Let’s back up a second. First, some background: This loser is a back up quarterback for Penn sprint football.
Penn sprint football is back on top.
With a 27-20 double overtime win over Cornell on Friday, the Quakers clinched at least a share of the Collegiate Sprint Football League title for the first time since 2010.
The season might not be over, but one thing is clear. Up until this point, Penn has been the best team in the Collegiate Sprint Football League.
Looking to play spoiler to Penn’s championship pursuit, Chestnut Hill came ready to throw everything they had at the Quakers.
In order for Penn to have a shot at the College Sprint Football League title, they had to beat one of the service academies, something they haven't done since 2010.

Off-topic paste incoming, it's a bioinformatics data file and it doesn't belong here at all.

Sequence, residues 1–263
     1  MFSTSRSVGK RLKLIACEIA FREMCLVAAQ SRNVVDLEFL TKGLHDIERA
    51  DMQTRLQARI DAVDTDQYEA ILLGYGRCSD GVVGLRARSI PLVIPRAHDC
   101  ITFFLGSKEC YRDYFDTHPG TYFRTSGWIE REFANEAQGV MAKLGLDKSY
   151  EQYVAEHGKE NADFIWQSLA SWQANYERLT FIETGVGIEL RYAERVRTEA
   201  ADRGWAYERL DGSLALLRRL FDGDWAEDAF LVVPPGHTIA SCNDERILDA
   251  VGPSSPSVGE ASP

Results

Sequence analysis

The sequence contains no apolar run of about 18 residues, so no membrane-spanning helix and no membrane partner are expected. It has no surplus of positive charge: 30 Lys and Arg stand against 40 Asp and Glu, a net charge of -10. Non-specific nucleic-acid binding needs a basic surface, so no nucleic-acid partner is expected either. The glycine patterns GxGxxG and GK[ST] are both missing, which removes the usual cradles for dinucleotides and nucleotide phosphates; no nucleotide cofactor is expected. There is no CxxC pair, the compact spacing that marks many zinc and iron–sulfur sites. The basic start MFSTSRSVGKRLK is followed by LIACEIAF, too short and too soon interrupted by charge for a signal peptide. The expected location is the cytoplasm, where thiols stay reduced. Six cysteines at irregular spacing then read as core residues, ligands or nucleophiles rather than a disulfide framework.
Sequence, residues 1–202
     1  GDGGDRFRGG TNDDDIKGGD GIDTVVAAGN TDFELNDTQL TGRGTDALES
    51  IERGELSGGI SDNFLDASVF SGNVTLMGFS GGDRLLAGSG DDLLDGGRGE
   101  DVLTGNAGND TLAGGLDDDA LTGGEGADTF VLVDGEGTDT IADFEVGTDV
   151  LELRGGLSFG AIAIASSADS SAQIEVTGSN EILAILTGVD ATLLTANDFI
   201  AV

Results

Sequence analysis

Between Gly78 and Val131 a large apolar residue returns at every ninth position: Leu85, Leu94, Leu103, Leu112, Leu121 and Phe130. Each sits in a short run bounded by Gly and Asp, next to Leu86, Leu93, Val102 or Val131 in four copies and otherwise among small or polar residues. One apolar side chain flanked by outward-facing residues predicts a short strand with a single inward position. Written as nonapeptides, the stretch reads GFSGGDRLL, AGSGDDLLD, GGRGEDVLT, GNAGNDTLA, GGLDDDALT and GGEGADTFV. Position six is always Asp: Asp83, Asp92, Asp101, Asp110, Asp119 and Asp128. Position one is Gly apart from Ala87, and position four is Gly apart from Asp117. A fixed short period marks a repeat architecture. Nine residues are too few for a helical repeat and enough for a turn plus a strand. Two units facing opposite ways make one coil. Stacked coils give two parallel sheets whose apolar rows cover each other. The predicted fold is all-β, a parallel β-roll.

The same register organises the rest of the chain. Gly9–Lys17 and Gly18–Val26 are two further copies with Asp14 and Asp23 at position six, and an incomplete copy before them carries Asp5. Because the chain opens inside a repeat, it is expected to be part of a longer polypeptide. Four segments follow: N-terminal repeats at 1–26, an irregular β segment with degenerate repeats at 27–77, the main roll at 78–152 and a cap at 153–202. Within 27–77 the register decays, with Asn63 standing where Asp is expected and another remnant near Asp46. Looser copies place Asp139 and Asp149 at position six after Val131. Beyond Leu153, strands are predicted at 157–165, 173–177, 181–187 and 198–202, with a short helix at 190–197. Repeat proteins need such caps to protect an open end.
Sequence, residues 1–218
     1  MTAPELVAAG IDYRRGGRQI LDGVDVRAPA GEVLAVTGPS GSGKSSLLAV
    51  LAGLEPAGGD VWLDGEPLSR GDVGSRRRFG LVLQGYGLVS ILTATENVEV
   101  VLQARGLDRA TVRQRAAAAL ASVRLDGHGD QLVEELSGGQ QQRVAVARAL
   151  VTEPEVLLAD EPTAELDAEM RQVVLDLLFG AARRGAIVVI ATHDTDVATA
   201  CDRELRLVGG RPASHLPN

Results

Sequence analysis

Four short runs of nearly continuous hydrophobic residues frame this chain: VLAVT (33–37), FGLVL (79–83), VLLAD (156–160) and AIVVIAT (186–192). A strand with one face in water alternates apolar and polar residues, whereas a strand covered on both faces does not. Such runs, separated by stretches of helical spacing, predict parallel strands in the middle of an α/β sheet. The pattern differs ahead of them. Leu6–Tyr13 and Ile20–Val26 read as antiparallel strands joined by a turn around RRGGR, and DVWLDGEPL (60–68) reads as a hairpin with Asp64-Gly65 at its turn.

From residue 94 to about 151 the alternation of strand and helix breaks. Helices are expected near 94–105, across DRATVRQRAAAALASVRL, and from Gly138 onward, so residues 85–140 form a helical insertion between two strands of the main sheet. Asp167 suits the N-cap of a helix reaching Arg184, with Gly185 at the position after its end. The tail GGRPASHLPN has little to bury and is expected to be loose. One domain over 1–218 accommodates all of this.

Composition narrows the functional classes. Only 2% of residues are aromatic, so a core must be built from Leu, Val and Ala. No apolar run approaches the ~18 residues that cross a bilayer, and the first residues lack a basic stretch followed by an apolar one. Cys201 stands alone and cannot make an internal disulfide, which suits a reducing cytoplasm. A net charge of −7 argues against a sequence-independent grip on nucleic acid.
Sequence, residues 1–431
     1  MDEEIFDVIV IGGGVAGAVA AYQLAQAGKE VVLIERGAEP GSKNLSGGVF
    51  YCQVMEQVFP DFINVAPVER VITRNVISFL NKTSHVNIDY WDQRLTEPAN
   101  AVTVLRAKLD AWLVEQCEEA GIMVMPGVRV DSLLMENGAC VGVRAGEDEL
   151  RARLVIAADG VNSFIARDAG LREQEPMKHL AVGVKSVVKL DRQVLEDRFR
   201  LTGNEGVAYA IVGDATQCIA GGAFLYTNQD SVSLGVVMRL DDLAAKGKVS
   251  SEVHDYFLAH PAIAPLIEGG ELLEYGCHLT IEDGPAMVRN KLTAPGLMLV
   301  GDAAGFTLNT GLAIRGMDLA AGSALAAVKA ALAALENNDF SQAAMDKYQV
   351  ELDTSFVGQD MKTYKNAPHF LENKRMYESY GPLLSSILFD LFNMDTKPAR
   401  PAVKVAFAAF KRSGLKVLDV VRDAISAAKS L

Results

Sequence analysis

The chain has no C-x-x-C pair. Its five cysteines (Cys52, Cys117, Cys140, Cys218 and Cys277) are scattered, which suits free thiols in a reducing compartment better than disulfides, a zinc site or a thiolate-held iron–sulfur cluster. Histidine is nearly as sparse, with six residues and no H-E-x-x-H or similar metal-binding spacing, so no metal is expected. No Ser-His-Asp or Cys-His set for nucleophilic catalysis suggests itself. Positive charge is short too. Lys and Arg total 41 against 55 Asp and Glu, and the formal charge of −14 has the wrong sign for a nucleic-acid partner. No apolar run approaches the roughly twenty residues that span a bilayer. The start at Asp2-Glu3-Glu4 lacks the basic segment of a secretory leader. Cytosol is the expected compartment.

And just two weeks into their season, they've done just that.
Much like the stature of the players, the sphere of recruitment is much smaller for Penn sprint football than with many other sports.
Since the team largely eschews the nationwide recruiting effort of many other Penn teams, most players hail from the metropolitan Philadelphia and South Jersey area.
The Quakers made a statement on Saturday, but returned home needed to ask themselves some questions.
Opening the year on the road against Mansfield, Penn sprint football cruised to a 31-7 win but was dealt a heavy blow when sophomore running back Max Jones went down in the fourth quarter with a broken ankle.
“Mike isn’t even here tonight — he’s president of an a cappella group — he’s gotta audition people, he’s doing that and he can throw the ball 60 yards.”
Sometimes your quarterback has to miss practice because of injury.
“Safety School! Safety School! Safety School!”
The year is 2007. I am a brazen and beautifully snarky middle school student sitting with a group of 10 friends at Jadwin Gym for a Princeton-Penn men’s basketball game.